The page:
A study, published in the Virology Journal, looked at how long the SARS-CoV-2 virus can last on surfaces in the dark and at different temperatures.
Dr Julian Tang, Honorary Associate Professor in Respiratory Sciences and Clinical Virologist, University of Leicester, said:
“This is yet another study of SARS-COV-2 survival on various surfaces – following on from these earlier studies: https://www.thelancet.com/journals/lanmic/article/PIIS2666-5247(20)30003-3/fulltext and https://www.nejm.org/doi/full/10.1056/nejmc2004973.
“Unfortunately, there are no standard, consensus ways of performing such studies – which have been performed for influenza as far back as the 1980s: https://pubmed.ncbi.nlm.nih.gov/6282993/; and more recently for 2009 pandemic flu: https://journals.plos.org/plosone/article?id=10.1371/journal.pone.0027932; and for the SARS 2003 and other common cold coronaviruses: https://www.ncbi.nlm.nih.gov/pmc/articles/PMC7107832/ and https://www.ncbi.nlm.nih.gov/pmc/articles/PMC4659470/pdf/mBio.01697-15.pdf
“This recent Australian study:
– contaminated various surfaces with cell-cultured SARS-COV-2 in African green monkey kidney-derived Vero E6 cell – so not using virus obtained directly from human patient clinical samples;
– mixed the cultured SARS-COV-2 virus with a ‘matrix’ solution containing bovine (derived from cows) proteins to mimic human saliva/mucous;
– at viral loads for SARS-COV-2 essentially similar to those found in human saliva/spit.
“This is a fairly typical lab-based approach, but both the virus (passaged through non-human Vero E6 cell lines) and the ‘matrix’ may not be truly representative of typical human SARS-COV-2 shedding – which is subject to rapid human innate/specific immune responses and clearance in saliva/mucous.
“Also, if the initial SARS-COV-2 surface contamination is via smaller exhaled droplet aerosols landing on surfaces (much more common) than from just a saliva/mucous-contaminated fingers, the viral loads in aerosols are usually lower – perhaps about 1000-10,000 times lower, based on similar studies on influenza. Although these lower aerosol viral loads may be enough to cause transmission via inhalation (i.e. directly to cells in the respiratory tract bearing ACE2 SARS-COV-2 receptors), this same viral load on surfaces from aerosol deposition is likely not enough to transmit via hand-to-surface-to-mouth/nose route, as human sweat, saliva, mucous all have natural antiviral properties which are not present in the virus ‘matrix’ in this study.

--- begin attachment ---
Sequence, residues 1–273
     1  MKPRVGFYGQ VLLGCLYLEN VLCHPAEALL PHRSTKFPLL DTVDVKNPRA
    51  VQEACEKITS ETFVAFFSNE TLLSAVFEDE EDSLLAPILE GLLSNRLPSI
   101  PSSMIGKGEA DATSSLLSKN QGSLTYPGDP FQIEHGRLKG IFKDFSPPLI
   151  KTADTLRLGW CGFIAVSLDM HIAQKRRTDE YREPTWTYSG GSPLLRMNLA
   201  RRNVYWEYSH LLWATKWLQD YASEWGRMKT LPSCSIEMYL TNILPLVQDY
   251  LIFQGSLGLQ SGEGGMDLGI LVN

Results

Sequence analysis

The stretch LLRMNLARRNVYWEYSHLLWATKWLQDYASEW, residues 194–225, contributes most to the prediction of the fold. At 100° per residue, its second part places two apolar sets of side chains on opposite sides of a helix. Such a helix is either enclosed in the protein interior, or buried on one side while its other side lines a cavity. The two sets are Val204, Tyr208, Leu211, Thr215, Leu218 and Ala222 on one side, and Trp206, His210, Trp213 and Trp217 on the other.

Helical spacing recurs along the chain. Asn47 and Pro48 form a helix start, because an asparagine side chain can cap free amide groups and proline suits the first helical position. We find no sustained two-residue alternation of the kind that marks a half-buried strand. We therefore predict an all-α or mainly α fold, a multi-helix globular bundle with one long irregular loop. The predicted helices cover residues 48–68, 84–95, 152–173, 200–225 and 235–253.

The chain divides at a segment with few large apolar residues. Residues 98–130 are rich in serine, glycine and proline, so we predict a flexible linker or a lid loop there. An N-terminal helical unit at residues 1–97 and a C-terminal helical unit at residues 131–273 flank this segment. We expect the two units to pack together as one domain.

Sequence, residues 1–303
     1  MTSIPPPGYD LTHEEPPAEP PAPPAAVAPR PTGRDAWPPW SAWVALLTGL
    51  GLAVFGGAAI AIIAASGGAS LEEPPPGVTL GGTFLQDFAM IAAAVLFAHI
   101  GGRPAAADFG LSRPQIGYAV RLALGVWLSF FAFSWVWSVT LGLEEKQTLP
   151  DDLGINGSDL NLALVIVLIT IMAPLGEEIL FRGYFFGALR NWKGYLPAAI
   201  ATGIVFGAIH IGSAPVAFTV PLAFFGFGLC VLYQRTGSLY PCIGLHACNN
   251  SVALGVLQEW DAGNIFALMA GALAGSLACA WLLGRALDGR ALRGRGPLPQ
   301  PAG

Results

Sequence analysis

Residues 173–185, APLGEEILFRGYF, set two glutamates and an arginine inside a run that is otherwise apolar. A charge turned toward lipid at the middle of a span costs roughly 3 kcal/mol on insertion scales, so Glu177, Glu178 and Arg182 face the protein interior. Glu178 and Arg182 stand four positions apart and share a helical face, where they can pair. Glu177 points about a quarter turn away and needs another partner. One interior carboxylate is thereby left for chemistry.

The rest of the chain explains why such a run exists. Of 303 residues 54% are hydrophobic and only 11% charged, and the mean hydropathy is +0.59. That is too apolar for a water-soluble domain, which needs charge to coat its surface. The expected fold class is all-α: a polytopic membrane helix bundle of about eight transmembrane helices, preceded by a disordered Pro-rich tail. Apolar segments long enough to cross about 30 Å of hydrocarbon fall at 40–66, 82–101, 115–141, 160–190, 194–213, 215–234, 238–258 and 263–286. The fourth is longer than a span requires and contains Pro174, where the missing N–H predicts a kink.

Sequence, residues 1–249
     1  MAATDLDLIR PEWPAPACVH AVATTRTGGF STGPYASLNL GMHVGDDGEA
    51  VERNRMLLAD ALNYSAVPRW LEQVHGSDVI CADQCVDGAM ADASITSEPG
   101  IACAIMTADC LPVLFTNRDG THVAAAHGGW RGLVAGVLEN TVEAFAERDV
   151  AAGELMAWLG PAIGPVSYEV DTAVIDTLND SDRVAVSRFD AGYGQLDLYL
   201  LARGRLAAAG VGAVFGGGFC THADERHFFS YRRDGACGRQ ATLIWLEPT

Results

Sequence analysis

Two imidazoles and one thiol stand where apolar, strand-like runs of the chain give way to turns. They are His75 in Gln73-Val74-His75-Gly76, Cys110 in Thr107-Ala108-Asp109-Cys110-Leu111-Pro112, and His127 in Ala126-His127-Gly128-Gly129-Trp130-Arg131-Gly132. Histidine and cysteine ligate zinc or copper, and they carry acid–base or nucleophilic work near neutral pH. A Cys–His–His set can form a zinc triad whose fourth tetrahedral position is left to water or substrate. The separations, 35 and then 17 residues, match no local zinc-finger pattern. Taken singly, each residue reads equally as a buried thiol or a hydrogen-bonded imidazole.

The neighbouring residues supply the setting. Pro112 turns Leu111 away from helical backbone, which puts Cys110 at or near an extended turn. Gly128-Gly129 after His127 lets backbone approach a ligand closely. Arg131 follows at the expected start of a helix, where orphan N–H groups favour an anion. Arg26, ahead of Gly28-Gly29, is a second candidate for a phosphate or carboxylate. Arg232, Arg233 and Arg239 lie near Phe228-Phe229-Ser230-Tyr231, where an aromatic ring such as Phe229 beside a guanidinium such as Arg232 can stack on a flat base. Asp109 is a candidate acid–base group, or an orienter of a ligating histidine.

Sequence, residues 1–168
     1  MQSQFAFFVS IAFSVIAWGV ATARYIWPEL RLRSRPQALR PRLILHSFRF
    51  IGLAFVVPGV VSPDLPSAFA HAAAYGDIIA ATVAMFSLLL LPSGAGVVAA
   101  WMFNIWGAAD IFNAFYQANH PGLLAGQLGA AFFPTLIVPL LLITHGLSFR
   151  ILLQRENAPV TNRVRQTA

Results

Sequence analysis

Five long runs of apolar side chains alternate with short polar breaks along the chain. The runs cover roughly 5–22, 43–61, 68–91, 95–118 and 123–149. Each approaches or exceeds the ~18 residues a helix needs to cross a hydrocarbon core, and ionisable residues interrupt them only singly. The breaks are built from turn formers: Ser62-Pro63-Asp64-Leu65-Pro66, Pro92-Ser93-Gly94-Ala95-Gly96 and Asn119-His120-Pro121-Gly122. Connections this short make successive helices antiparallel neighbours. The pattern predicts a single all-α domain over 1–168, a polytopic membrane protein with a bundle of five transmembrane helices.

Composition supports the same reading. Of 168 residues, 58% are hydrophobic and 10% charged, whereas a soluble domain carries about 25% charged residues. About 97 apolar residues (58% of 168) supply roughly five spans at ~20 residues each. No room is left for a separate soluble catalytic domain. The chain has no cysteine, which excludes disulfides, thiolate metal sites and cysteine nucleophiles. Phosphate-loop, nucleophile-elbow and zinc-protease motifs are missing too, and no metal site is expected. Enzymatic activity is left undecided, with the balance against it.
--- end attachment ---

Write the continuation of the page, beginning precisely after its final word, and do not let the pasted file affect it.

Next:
“In fact the whole approach/optimisation of such lab-based viral culture studies/experiments deliberately try to enhance virus survival – whereas our bodies’ natural immune defences do the opposite.
“So whilst such survival may be possible to demonstrate in the lab, in real-life everyday situations, such long survival periods may not be realistic.
“Also, if people are wearing masks – they cannot self-inoculate to their nose/mouth easily (touching eyes is less common and eye fluids also have antiviral properties) – and people should be washing/alcohol gelling their hands more frequently now, anyway.”
Prof Paul Digard, Chair of Virology, and Head of the Division of Infection & Immunity, The Roslin Institute, University of Edinburgh, said:
“This is a good quality study that measured infectious virus, not just detectable bits of virus. It makes an important point that the virus CAN survive in an infectious form for quite long periods of time on commonly-handled objects – what’s important to remember however, which hasn’t featured in the media coverage I’ve seen so far, is that the infectivity decays over time. So the amount of virus surviving at 28 days is very low and is therefore likely to be much less likely to infect someone than the higher amounts present when the virus is freshly deposited.”
‘The effect of temperature on persistence of SARS‑CoV‑2 on common surfaces’ by Shane Riddell was published in the Virology Journal.